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And life goes on...

Most of you are aware that it has now been a year since Gaz left us. Time gives little consolation as the weeks and months roll on, but we must change and adapt to a new norm, enabling us to carry on with life as Gareth would want us to do. There are bad days but there are good days. One of the good days was the Rugby World Cup semi-final against New Zealand. Although Gareth wasn't sat next to myself and Dad during the game as he has been previously at home and at various Rugby games including with me at the 2016 Premiership Final at Twickenham, he was without doubt there in spirit and within our thoughts. So too at the World Cup final I could hear the quite audible shouts of Gareth bemoaning the England scrum and weakness at the breakdown- particularly the moment he describes Jonny May as a "one-dimensional player" as his speed counts for nothing against the solid Springbok defence. No doubt the result would have been quite different had Eddie Jones conceded to some of Gareth's earlier commentary or had Billy Vunipola remembered the discussion he had with Gareth in the summer of 2017 when he reviewed Saracens at their St Albans training ground.

Gareth was very pleased I recorded his performance in this bicep competition with Billy, and he would be overjoyed that this image has made it on the blog- you're welcome Gaz.

All of you may have spent time over the last year and during this anniversary remembering Gareth in your own ways- many of you have sent messages of support to our family which has been deeply touching, particularly in hearing that so many of you are thinking of Gareth and the family at this hard time for us all.

We have continued Gareth's fundraising legacy with many of you contributing by taking part in various events whilst donating generously- we are so very grateful for your continued support. Thank you.

Many of you also took part in last May's Cookridge Community Run around Golden Acre Park which raised nearly £2,500 for Cancer Research UK and brought the community together for a fantastic day in which over 350 ran the 10km trail.

The run is back on Sunday 17th May 2020- and we would like to invite you to come and run, support and fundraise in support of Cancer Research UK, and to continue Gareth's fundraising legacy with us. Please put the date in your diary.

You can enter the run here-

And you can set up your own Cancer Research UK fundraising page to directly support the run here-

Or you can fundraise directly through Chemotionally Unstable or your own pages-

All funds go to Cancer Research UK and specifically Sarcoma research. Myself and our Mum were invited for an open day at the Oglesby Cancer Research Building in Manchester, next to Christies Hospital in November. We were shown first hand the research being done at their world leading cancer research facility- it was honestly mind-blowing, their researchers and clinical staff were quite extraordinary. Their research has contributed to 50% of people diagnosed with cancer in the UK surviving for 10 years or more with diagnoses constantly improving. Your fundraising and support is helping to directly improve cancer treatment.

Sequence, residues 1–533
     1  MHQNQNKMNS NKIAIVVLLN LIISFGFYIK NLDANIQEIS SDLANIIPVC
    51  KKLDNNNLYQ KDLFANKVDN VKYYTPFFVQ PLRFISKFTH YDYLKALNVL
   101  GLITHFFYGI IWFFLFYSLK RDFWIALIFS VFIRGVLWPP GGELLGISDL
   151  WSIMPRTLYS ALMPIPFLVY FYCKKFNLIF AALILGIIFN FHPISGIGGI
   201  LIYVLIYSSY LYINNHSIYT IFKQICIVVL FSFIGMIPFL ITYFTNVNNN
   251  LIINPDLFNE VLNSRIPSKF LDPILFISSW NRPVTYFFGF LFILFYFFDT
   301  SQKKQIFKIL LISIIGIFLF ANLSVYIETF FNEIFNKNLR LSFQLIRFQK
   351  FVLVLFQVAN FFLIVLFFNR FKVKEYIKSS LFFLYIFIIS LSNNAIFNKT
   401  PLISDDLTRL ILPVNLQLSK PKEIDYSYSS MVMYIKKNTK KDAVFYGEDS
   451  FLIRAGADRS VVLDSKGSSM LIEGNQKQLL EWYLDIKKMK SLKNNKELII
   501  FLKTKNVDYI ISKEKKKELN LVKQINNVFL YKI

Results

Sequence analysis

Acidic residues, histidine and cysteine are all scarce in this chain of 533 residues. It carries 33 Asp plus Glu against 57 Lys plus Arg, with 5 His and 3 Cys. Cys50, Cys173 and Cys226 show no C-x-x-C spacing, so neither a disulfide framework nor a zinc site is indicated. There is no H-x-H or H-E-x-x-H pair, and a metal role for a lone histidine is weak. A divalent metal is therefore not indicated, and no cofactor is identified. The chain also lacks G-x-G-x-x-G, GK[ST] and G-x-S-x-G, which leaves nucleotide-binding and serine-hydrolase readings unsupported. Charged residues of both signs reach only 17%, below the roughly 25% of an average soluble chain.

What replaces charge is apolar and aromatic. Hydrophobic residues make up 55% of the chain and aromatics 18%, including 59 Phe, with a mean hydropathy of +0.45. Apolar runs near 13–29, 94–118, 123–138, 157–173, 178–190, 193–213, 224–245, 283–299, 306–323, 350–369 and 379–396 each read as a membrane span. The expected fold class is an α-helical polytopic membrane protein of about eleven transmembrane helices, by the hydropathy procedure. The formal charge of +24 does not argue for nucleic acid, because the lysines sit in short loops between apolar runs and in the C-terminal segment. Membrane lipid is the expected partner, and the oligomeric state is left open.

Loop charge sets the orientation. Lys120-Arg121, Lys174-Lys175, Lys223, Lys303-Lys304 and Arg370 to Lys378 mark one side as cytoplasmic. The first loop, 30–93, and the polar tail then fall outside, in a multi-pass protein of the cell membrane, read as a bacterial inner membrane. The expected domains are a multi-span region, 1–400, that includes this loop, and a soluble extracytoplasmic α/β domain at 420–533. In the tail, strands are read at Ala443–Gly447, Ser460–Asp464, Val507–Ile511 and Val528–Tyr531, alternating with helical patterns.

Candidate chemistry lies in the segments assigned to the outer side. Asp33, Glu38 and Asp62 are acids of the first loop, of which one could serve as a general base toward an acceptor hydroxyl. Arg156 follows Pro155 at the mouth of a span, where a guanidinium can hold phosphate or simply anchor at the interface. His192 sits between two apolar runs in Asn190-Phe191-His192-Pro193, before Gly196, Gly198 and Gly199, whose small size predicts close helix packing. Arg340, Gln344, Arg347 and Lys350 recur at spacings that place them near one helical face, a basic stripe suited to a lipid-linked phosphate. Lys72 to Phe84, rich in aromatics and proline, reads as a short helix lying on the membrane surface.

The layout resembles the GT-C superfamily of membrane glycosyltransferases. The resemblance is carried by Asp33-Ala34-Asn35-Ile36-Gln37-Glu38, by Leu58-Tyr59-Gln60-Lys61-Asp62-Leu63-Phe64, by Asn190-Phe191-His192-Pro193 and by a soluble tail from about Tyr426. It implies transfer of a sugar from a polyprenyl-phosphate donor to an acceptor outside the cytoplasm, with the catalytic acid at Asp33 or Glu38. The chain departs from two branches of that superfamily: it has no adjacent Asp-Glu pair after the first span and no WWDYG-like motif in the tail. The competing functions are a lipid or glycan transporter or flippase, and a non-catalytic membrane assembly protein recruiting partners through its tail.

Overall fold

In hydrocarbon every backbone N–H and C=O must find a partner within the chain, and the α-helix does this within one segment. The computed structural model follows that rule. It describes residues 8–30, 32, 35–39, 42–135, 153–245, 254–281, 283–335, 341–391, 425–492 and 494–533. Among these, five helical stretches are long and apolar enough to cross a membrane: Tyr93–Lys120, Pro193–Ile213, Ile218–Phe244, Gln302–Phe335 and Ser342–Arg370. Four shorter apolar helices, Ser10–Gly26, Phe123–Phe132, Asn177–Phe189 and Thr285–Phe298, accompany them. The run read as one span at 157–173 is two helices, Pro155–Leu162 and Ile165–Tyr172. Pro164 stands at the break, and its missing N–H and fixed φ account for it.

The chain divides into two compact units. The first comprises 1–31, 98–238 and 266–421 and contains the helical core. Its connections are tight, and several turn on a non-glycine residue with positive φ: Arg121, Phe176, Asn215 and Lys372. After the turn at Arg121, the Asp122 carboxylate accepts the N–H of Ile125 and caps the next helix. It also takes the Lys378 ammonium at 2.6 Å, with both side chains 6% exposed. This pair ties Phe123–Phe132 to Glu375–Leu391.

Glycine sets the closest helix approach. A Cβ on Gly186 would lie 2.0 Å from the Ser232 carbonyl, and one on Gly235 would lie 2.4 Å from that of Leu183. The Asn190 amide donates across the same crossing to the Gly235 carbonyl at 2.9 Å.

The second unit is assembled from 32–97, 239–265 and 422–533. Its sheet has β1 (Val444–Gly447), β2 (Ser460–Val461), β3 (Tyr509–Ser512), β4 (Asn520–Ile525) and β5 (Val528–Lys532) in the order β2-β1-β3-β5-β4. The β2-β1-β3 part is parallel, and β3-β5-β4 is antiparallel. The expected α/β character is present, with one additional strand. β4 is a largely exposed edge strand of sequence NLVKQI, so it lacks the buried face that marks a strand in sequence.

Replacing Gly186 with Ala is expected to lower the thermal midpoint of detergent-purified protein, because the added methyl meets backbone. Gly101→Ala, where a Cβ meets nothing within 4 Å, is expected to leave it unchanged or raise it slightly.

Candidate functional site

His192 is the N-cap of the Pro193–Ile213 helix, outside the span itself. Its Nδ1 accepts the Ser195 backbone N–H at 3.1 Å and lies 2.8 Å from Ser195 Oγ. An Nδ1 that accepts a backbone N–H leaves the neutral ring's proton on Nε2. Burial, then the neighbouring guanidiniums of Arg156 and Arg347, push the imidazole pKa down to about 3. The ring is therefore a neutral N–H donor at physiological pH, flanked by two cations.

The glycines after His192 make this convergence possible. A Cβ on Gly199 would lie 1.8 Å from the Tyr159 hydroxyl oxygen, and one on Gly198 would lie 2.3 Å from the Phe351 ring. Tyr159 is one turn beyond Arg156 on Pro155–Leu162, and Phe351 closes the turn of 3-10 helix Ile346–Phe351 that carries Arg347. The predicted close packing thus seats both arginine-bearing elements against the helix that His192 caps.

Gareth's story was again recently featured in the Yorkshire Evening Post- you can read and hopefully download the article in jpg below.

Gaz would be honoured to have his face featured in the same vertical plane and on the same front page as the great Marcelo Bielsa- the man we all know will take Leeds up this season!-

One final note from me- I recently invited Gareth's friends to give a home to some of his many books- a great proportion of which are related to his time at uni in Cardiff and London meaning most do not have the requisite number of pictures in them to qualify as suitable reading for myself, and so if anyone would like to take a selection of his books that would interest you or have particular meaning please let me know, we have a list of the books and would love to post the books out to you-

As was common in Gareth's blog posts he would share, with wit and humour in abundance, his feelings, worries and words of advice. We want to continue this by sharing our own feelings in the hope it might help others. Please get in touch if you would like to add any words in the future and share thoughts of your own and memories of Gareth- they would be most welcome.


A Father’s story

On 29 October 2019, myself, April, Rhys and Florence – Gareth’s faithful golden Labrador – trekked up Slei Ghyll in the Yorkshire Dales to spread his ashes amongst the Autumnal heather, a walk as a family we had taken many times. It was a most beautiful day and as we stood in the milky sunshine it was so hard to believe that Gareth was gone, that he had been taken from us just over a year ago and in doing so left a gaping hole in all our lives.

For me it feels that there is just a half of me left on this earth – half a heart and half a soul. Some days are better than others, some are busy, some are happy, some are also bad, and some are, well, shit – as Gareth aptly put it in his celebration video!

Although we knew for nearly two years that we would lose him to cancer, nothing can ever prepare you for losing your sweet, dear, little boy – baby Ga as we used to call him!

I suppose the first few weeks and months were a bit of a blur. There was even some element of relief that he was at peace, out of pain and suffering, then there was a family cremation and the most wonderful celebration of his life at Sand Moor Golf Club in November, with an outpouring of emotion from family and friends that just showed us all what an amazing person he was and that he touched the lives of so many and would be so sorely missed by us all – then, a few months later realisation hit me.

After the London Marathon in March, run in his memory by his brother, Rhys, cousin Will and best friend Rich, it hit home - he was never coming home. I would never see or hear from him again – we would never go to Twickenham, Headingley, the Ryder Cup or Wimbledon or watch some obscure sport he was fascinated with in that week!

The bad days got worse, the shit days multiplied and were shittier than ever. Everyday tasks became a chore, like wading through treacle and then there were panic attacks – I don’t do anxiety, I don’t do out of control but here I was with a racing heart, out of breath with sweaty palms in floods of tears – even on the golf course (sorry guys you know who you are, and thanks)!!